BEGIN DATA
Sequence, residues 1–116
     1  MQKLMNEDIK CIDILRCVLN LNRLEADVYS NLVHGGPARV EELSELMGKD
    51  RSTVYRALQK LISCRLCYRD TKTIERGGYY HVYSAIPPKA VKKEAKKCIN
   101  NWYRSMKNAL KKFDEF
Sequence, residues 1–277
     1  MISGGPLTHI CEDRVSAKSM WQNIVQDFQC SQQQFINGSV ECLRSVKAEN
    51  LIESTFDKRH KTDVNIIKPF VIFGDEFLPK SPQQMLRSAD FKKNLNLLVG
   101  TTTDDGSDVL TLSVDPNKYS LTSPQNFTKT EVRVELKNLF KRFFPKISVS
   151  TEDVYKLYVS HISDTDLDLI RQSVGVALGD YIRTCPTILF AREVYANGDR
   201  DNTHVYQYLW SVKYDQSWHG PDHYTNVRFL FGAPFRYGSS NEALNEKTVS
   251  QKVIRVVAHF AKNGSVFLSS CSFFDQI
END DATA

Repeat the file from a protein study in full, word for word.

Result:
Sequence, residues 1–116
     1  MQKLMNEDIK CIDILRCVLN LNRLEADVYS NLVHGGPARV EELSELMGKD
    51  RSTVYRALQK LISCRLCYRD TKTIERGGYY HVYSAIPPKA VKKEAKKCIN
   101  NWYRSMKNAL KKFDEF
Sequence, residues 1–277
     1  MISGGPLTHI CEDRVSAKSM WQNIVQDFQC SQQQFINGSV ECLRSVKAEN
    51  LIESTFDKRH KTDVNIIKPF VIFGDEFLPK SPQQMLRSAD FKKNLNLLVG
   101  TTTDDGSDVL TLSVDPNKYS LTSPQNFTKT EVRVELKNLF KRFFPKISVS
   151  TEDVYKLYVS HISDTDLDLI RQSVGVALGD YIRTCPTILF AREVYANGDR
   201  DNTHVYQYLW SVKYDQSWHG PDHYTNVRFL FGAPFRYGSS NEALNEKTVS
   251  QKVIRVVAHF AKNGSVFLSS CSFFDQI